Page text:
I have this very weird issue: people trust me. Now, in general, that is not necessarily a bad thing. I am often seen as competent, as someone who makes sound decisions in pressured situations, and I am calm and collected when I have to be. At least that is what I seem like to others. I am also a good listener, I can relate to most emotional problems and I am an expert at showing empathy. All these skills have often given me certain successes in life. I was appreciated, people looked up to me. There was and still is jealousy too.
I generally push all that, all the appreciation and the seemingly silly adoration, into the “They don’t really know me” box. But it doesn’t matter if what I seem like is true or not. The issue that I have is that people come to me to talk about their problems, their private struggles, their illnesses and relationship setbacks. I have become a sort of secret keeper. And I am not sure if I like that role.
I can see the loveliness in all of this. People like to turn to me, and in most of my friendships, and even relationships. I have taken on some sort of caretaker role. It suits me well, I have the skills, and it helps me avoid talking about my own stuff. But it is also a huge responsibility. During the last couple of years, I have retreated from some friendships that were too draining for me. Once the dynamics are set, it is just difficult to change things.
My Volunteer Work
I used to work as a volunteer on a website and app for emotional support. That place has hundreds of thousands of active listeners. millions of live chats a week, support sessions in group chats. I was one of those active listeners and because I naturally have the skills that they were looking for, I quickly climbed the ladder in that organisation. I didn’t even want to, I just enjoyed supporting people, but when I got offered mod, mentor and mentor roles, I took them. It was fun and I felt like I was doing a good thing, helping others. Eventually I had the position of an ambassador, the highest position a volunteer could have in that organisation. I hadn’t even applied for it, I was offered the position.
I loved overseeing the listener community, leading teams, writing guides, teaching listeners, and continuing to support those that needed help. But because people trust me, things started to become icky. I was supposed to help with conflict in the community, to be a sort of mediator, to come up with solutions. Of course that can become difficult. The worst thing for me was that I had to keep a lot and lot of secrets.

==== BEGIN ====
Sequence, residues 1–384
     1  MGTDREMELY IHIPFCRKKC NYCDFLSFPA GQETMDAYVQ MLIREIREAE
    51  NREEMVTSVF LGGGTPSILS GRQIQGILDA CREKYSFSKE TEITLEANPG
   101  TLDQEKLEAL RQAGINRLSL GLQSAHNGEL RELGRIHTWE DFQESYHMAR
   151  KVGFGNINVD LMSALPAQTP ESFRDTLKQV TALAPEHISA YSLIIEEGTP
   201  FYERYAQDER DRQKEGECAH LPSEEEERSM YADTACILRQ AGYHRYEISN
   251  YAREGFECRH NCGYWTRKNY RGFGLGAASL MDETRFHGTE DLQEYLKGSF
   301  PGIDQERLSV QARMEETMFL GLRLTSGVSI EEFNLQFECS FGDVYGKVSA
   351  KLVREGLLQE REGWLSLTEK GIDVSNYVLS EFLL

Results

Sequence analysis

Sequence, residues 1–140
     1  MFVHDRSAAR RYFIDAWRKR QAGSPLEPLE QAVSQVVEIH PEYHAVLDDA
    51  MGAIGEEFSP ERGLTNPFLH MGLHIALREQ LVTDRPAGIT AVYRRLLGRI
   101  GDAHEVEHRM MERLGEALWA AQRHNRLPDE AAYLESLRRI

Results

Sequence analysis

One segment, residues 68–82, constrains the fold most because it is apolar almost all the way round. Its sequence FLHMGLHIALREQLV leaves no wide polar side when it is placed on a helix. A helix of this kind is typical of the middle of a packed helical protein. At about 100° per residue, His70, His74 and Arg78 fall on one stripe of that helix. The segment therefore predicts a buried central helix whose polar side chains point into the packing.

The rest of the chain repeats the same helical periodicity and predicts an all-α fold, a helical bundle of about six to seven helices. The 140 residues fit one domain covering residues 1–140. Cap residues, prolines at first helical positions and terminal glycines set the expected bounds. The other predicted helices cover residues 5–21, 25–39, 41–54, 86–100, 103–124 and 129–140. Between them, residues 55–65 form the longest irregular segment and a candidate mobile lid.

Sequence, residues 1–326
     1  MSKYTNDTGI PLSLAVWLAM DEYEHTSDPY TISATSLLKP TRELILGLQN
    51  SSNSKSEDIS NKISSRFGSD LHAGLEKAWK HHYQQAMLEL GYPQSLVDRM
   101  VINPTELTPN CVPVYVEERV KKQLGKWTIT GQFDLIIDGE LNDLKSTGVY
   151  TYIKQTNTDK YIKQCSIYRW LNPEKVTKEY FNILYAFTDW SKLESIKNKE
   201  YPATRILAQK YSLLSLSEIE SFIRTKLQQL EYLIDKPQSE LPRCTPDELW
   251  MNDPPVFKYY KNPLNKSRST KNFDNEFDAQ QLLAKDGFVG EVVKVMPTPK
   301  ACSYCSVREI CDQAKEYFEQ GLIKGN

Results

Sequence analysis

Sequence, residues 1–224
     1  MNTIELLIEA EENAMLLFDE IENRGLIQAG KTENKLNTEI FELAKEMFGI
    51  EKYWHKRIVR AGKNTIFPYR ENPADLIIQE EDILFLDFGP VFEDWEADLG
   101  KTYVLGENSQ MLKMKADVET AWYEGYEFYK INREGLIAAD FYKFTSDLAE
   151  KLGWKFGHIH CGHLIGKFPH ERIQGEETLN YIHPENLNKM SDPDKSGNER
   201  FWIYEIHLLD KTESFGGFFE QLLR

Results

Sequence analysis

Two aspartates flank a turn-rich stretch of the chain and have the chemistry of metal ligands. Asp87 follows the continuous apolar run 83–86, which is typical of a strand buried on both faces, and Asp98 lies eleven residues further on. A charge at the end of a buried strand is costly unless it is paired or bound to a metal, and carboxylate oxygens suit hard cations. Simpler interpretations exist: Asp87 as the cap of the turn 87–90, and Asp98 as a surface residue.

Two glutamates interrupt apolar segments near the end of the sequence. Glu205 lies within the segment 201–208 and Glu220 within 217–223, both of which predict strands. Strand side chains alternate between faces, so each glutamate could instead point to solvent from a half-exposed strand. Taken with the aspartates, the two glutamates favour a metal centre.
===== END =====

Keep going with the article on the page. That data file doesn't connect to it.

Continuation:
Being a Secret Keeper
See, if you are in a community with lots of mentally unstable people, things can go south quickly. It was encouraged that those seeking support also signed up as listeners, to give back, so to say. It is a lovely idea in theory, but in practice, you have a bunch of people with mental illness trying to function with each other in a close-knit community. The result was drama. But we were instructed to not spread gossip, to not talk to others about the things we have heard, and to keep things as contained as possible.
I had dozens of issues to solve a day. And I got to hear so many things I didn’t want to know. Who was fucking who, who had offsite contact with each other (discouraged), who was lying about their age, their gender, who was suicidal. My brain was just filled with all these secrets and it slowly drove me nuts. I didn’t even want to know those things! But beep beep beep, private message after private message of desperate listeners who messed up and needed help to sort it out.
I tried my hardest to not treat anyone differently because of the things I knew about them. The American mother of three who fucked the 19 year Indian guy who was still living with his parents, via Skype. The mentors who had met up in real life and now the girl was pregnant and the guy got psychotic because of the stress of it all. I can go on and on and on about this. But I contained things, I tried to not let anything slip.
I am a bad secret keeper when it gets too much. The moment someone told me something juicy, I felt the strong urge to talk with someone about it. I tried to sort it by writing a journal, to get it out of my system. Unfortunately, that didn’t help. I needed to tell someone! So I went down a road I am not proud of. I started to tell things to my boyfriend at the time. He was also working as a volunteer in the organisation and he knew the people I talked about. He was not the right person to tell though, because he sees secrets as a leverage over someone. That was definitely one of the reasons why our relationship didn’t work out.
When I started dating my current partner, who also was a mentor in that organisation, things changed in that matter. He discouraged me to share too many things. There was no interest in knowing private things about our fellow listeners. He dislikes gossip and is actually a way better secret keeper than I am! So while I sometimes asked him on feedback about certain situations, I actually learnt to not follow my ex’s footsteps and to gloat in other people’s misery. I never did that, but I just didn’t have the push to make a real effort to keep the secrets I had been told.
In retrospect, I think what bothered me the most was the sheer amount of things that were happening in the background of a community that was supposed to be safe and decent. My brain was just overrun with all those secrets, and I was the end of the line, I was the container to store those secrets. And that container was overflowing by the end of it all. I am a trustworthy person, and I can keep secrets if I am being asked to. But I had reached my limit.